The principle of the bottom line
When I was a kid, an old farmer hired my friend Brian and me to do some work on his farm. We were not accustomed to the backbreaking labor that was involved in the basic upkeep of a farm, and by the end of the day we were so sore that we had difficulty getting on our bicycles so we could pedal home. He asked us if we wanted to come back in the morning, but we told him we had other plans, and we’d come and see him again sometime.
When we met him, home was a campsite where Brian and I had gone fishing. We had caught a stringer full of catfish that we offered his wife in trade for some corn and potatoes so we could enjoy a good dinner at our campfi re.
She was a kind lady and asked if we wanted to stay for lunch. The sweet aroma of a strawberry rhubarb pie wafting from the kitchen was too tempting, so we readily agreed. She fed us fried chicken, mashed potatoes and gravy, fresh picked corn on the cob, a glass of milk, and of course — the coveted pie.
All we had to do was clean the catfish and she was going to send us home with more corn, potatoes, and home-baked bread. It was summertime on the Mississippi River and life couldn’t be better.
When the farmer came in from the fields and asked if we were interested in making five dollars each to do some work, we were thrilled. In those days, that was a lot of money. We showed up the next morning and learned the meaning of work.
After going home and licking our wounds, we slept like dead men. The next morning we were stiff, and though we were young, the mere thought of doing anything strenuous seemed to make every muscle ache even more. However, after a day off, we were good to go again and we decided to see if the farmer still needed help, because we wanted the money.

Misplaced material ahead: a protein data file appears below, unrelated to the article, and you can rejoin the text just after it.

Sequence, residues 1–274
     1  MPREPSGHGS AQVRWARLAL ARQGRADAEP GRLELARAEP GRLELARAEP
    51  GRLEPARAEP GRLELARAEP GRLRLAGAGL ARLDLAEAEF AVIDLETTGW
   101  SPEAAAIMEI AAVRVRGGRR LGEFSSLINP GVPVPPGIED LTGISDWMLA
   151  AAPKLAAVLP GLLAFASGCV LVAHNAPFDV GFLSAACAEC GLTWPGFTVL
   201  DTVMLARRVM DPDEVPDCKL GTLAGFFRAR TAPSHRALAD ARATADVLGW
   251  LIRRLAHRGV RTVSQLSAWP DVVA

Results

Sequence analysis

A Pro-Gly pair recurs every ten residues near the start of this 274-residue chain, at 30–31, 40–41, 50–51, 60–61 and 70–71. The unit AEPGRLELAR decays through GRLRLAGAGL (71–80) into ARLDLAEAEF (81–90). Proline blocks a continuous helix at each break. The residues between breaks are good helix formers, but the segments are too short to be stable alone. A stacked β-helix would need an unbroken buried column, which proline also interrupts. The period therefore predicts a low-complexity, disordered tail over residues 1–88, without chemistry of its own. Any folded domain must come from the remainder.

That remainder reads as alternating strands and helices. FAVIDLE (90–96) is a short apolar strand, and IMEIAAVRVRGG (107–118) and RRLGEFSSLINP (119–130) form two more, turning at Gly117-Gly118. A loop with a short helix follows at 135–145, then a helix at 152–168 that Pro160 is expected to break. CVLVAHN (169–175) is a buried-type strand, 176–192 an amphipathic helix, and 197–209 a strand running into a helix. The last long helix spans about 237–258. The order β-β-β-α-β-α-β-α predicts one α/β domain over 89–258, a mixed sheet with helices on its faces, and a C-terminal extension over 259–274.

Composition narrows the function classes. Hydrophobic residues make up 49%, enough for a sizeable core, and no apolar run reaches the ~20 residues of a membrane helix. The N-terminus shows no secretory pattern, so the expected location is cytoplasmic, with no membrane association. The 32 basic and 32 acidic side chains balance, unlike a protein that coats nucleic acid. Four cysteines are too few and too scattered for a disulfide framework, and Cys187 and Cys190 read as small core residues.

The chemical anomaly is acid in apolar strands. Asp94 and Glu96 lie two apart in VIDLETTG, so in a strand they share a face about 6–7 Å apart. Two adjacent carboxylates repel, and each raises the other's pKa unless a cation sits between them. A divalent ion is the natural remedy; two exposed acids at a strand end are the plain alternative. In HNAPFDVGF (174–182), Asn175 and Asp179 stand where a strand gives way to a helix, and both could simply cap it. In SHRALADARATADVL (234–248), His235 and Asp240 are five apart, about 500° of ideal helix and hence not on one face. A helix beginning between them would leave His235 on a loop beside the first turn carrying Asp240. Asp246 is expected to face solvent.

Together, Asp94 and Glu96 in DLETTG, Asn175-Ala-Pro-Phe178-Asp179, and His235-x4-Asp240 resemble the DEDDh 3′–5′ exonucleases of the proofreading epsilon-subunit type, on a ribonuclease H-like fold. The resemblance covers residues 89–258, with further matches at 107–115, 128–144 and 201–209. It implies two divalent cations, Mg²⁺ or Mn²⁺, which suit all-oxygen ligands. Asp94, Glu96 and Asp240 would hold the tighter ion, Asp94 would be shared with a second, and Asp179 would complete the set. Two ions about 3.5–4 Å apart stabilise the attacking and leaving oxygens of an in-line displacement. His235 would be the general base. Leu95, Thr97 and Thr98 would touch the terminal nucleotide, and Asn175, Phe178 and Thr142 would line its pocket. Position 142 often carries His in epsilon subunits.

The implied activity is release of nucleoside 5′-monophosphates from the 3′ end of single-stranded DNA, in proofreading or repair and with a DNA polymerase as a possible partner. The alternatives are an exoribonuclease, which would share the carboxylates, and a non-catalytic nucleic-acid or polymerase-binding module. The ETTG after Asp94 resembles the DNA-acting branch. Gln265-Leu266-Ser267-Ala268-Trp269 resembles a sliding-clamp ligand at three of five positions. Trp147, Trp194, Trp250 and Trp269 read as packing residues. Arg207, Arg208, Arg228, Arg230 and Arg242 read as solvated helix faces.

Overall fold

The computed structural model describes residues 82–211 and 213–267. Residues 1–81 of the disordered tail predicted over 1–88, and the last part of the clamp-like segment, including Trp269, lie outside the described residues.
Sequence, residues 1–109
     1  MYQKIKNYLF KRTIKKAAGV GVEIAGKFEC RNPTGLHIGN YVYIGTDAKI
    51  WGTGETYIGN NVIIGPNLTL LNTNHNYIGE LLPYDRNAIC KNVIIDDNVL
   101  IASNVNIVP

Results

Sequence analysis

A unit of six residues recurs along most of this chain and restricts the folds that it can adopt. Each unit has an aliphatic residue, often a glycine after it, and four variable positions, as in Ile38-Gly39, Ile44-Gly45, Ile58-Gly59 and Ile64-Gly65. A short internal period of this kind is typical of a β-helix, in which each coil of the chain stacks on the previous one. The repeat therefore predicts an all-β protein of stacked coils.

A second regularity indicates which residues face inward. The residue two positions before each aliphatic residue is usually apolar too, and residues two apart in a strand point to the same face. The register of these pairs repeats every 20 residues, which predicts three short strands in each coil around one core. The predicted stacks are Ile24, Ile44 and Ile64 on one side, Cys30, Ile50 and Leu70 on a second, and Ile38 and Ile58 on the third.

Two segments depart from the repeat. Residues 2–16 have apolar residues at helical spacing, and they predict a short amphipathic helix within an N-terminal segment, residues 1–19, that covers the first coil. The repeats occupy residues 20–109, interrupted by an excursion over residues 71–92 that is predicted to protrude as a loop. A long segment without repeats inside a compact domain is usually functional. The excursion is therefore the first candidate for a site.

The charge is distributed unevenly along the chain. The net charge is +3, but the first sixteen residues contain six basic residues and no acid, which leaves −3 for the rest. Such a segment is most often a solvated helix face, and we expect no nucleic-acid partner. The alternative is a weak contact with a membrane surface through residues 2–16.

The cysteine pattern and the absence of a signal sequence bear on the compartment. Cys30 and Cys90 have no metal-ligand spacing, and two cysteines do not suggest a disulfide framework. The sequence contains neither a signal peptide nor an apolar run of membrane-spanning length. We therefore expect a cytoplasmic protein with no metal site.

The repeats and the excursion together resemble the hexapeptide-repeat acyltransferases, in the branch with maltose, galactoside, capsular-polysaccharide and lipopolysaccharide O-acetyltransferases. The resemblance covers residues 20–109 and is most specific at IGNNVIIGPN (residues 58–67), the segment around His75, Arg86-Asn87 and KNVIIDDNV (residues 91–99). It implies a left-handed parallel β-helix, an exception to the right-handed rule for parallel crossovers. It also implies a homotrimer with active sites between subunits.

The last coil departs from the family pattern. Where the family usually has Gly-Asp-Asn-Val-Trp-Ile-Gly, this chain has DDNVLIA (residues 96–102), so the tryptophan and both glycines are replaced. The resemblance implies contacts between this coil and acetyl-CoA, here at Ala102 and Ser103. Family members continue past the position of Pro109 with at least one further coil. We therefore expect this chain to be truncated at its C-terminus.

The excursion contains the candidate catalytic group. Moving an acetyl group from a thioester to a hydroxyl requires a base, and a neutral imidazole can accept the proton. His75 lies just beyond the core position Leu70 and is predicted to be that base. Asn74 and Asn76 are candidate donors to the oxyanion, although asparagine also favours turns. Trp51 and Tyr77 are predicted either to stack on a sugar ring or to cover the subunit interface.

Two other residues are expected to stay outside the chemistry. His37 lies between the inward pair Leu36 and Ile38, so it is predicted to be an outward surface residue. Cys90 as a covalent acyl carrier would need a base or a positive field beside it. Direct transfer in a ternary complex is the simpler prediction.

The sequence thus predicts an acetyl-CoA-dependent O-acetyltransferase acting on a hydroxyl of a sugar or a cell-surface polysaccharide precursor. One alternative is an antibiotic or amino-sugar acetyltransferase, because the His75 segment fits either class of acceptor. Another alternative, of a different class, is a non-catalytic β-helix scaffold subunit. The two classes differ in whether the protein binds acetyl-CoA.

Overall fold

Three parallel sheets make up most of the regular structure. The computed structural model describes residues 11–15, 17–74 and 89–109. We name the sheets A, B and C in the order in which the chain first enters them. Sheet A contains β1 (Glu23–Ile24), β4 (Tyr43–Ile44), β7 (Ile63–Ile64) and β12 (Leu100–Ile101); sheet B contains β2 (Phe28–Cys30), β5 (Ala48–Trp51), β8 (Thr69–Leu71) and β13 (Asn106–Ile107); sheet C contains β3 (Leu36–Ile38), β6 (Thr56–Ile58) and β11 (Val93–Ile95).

The farmer smiled when he saw us ride through his gate, and he told us there was always plenty to do. “We have to lean you boys out a little,” he said. “You’re gettin’ pudgy with all that soft city livin’.”
He was right. We weren’t fat, but we were soft. Our muscles needed some toning, that was certain. We followed the farmer’s lead and quickly learned how to pace ourselves so we didn’t wear out in the first few hours. The farmer seemed to be happy to have our company, and filled our heads with sound rural wisdom that I have found useful to this day.
“Workin’ is the best diet in the world,” he said. “There are only two bottom lines you have to worry about in life, the size of your bottom and the size of your debt load. Both have bottom lines. If either one gets too big, you’re in a heap o’ trouble.”
He went on to say that both bottom lines should be managed the same way. “First you have to learn the difference between what you need and what you want,” he said. “You might want a second piece o’ pie, but you don’t need it. Don’t eat it and your bottom line won’t get too big and saggy.”
He said that debt was no different. “You’ve got to decide whether you want something or need something before you go into debt to pay for it. You increase that bottom line too much and you might never recover. For instance, that field over there where all that corn is planted. It set for years because I couldn’t plow two fields in one season with a horse and plow.
“I finally bought a used tractor. But I didn’t buy it until I figured that plowing that field would pay for the tractor and the grain, and make a profit from both fields in one season. Sometimes it’s best just to leave things set until the time is right. Then the two bottom lines that are important will be kept in order.”
I never forgot that lesson. It has served me well over the years, although my “bottom” line could stand less pie. I’ve often wondered if that fundamental thinking could be applied to countries. Maybe our economy would be better off instead of being part of a system we can’t understand.